New Record On The Eiger

329 Eiger
Daniel Arnold and Stephen Ruoss have set a new team record for scaling The Eiger according to, breaking the record set last month by Simon Anthamatten and Roger Schali.

Arnold and Ruoss started at the bottom of the Heckmair Route and scaled the iconic European mountain in just six hours and ten minutes, besting the old record by forty minutes. The Swiss climbers went fast and light, carrying only the minimal equipment needed to make the ascent.

Arnold remarked that there isn’t much ice on the Eiger this year, making the conditions poor for climbing. Many climbers depend on ice on the upper sections to hold the rock scree in place and to prevent them from being pelted with stones as they go up. When there is little or no ice, it makes the climb that much more treacherous.

They set off at 1:35 AM climbing in darkness, and took just three hours to reach the Death Bivouac. From there they shot up The Ramp, and made good time in the demanding sections above it, only to face strong winds when they reached the Exit Cracks. By sun rise they were on the Mittelegi Ridge and the summit at 7:45 a.m.

This amazing climb follows Ueli Steck breaking his own speed record a month ago, shooting up the face in just two hours and 47 minutes. Clearly, it’s been a very fast year on the Eiger.

Great work guys! Congrats on the new record.

Kraig Becker

9 thoughts on “New Record On The Eiger”

  1. Second that I always enjoy reading this blog!
    Fantastic effort by Arnold and Ruoss and also Schali and Anthamatten.
    Am here at Kleine Scediegg now and the condtions for climbing are awful!

  2. Hi Jo,

    Thanks for the comments on the blog and the update from the field. As of The Eiger wasn’t challenging enough to climb in and of itself, I can’t imagine giving it a go during bad conditions, and then attempting a speed record.

  3. Heya Kraig,
    I’ve just recently read Heinrich Harrer’s “The White Spider” so I now understand about Eiger’s North Face and can be way impressed by this climbing accomplishment. – Lisa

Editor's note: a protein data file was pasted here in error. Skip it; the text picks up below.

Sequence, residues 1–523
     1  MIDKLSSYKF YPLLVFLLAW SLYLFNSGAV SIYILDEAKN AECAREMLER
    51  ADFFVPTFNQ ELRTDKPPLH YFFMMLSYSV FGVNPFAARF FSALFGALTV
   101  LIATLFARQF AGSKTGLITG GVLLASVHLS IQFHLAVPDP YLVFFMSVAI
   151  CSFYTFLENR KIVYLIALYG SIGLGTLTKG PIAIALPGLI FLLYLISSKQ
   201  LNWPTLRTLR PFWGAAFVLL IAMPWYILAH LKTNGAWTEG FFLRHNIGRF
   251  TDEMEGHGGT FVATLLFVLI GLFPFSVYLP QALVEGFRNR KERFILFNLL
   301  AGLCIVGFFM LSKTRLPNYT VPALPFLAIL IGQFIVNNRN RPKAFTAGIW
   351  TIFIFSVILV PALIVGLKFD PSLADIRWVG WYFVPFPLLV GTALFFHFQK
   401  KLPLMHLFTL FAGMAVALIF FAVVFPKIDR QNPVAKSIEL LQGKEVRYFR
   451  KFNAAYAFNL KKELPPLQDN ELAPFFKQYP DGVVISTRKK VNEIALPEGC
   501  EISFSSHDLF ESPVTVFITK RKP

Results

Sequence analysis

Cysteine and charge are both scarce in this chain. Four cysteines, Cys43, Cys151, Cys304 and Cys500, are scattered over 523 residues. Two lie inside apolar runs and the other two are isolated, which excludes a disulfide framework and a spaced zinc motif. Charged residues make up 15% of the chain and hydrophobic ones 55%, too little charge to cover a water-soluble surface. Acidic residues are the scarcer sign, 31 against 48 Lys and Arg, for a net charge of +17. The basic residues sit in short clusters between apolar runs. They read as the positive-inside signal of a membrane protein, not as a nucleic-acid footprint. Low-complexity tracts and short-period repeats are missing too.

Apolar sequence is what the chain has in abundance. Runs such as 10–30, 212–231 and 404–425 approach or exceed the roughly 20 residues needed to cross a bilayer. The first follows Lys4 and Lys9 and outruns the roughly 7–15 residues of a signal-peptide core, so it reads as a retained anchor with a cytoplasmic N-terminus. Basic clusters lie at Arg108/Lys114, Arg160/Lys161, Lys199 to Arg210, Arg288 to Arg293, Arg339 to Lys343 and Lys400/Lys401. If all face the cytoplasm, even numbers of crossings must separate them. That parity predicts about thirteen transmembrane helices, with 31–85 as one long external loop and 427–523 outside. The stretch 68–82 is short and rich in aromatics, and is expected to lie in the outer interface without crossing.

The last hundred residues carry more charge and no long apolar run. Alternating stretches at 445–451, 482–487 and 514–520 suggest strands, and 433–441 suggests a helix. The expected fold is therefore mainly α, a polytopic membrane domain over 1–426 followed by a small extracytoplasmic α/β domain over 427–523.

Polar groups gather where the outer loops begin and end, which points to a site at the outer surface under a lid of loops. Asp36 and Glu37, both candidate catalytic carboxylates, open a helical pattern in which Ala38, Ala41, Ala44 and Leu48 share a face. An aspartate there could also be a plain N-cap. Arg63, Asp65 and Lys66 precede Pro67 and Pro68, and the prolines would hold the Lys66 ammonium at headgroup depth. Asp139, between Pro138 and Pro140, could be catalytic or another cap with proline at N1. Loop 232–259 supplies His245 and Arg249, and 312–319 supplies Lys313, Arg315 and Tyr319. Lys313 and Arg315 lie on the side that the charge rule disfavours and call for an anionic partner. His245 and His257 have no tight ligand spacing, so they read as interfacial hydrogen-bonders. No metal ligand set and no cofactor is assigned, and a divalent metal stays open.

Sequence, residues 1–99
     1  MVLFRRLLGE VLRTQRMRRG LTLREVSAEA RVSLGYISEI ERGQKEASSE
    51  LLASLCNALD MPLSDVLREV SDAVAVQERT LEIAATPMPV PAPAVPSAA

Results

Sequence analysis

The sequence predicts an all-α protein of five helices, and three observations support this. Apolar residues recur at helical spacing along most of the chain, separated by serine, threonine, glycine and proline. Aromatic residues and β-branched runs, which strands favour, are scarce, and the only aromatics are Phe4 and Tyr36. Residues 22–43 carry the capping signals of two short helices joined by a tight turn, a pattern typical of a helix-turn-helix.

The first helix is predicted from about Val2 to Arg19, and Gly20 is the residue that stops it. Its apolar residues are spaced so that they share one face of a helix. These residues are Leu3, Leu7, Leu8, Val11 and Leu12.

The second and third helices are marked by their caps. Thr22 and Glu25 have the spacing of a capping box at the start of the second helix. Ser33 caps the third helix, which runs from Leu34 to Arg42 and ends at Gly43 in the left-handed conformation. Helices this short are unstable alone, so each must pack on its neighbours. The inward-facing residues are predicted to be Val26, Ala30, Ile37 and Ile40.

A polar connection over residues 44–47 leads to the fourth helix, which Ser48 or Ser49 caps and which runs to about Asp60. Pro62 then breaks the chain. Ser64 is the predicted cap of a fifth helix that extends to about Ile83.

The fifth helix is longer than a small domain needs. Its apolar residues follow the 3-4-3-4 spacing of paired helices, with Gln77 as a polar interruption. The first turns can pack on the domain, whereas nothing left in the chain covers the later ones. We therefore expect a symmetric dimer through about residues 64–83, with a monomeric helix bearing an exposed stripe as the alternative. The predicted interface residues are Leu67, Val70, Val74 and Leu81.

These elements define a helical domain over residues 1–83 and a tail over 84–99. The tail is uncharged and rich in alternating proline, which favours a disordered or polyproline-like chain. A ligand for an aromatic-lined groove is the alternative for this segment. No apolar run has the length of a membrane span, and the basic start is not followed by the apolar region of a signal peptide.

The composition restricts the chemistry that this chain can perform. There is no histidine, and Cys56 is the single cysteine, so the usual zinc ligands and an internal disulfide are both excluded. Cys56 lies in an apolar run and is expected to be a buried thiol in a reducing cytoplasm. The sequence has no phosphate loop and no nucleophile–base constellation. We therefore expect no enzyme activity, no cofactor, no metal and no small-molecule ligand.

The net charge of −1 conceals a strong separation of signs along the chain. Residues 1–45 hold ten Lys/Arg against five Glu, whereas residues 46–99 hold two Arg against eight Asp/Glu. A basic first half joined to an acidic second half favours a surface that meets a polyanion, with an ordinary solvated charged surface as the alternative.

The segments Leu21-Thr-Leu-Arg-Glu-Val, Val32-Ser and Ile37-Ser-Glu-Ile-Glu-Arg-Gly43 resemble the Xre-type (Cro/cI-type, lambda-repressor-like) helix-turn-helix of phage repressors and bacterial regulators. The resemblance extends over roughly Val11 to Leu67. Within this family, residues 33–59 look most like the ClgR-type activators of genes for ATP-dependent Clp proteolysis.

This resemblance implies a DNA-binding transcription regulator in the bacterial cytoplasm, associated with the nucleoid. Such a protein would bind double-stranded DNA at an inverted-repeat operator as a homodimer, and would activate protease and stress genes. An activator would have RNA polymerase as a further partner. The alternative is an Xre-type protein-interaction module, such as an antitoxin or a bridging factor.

4. Hi Lisa! 🙂

    The White Spider is a classic. Great book and it really makes you appreciate the challenges of the Eiger. But we’ve come a long way since Harrer’s day. I’ll bet he never thought he’d see someone climb the Eiger in these record times.

  5. Not sure if you heard but Roger Schäli has recently climbed the 6 greatest north walls in the Alps (in less than 30 days). Never before has anyone climbed the 6 before – Eiger, Grandes Jorasses, Matterhorn, Petit Dru, Piz Badile and Große Zinne. What an effort! I am working on one of them – but 6? !!
    Schäli is currently in Juneau, Alaska and battening down against horrendous snow and avalanche conditions!
    Fellow Swiss climbers Ueli Steck and Simon Anthamatten are preparing for Annapurna but also among very bad weather.

  6. I’ve been following Ueli and his bid for Annapurna, but he’s been doing some acclimatization climbs first in preparation. I know they’re planning to head to Annapurna itself very soon though.

    I’ll definitely have to look for the story on Roger though. I hadn’t heard about that, but it sounds amazing. Thanks for the tip! 🙂

  7. I should add ‘no one has climbed the 6 one after the other before’
    No doubt someone has climbed all 6 at one stage or another!
    Still plenty of snow here, it’s more like the middle of winter than springtime!

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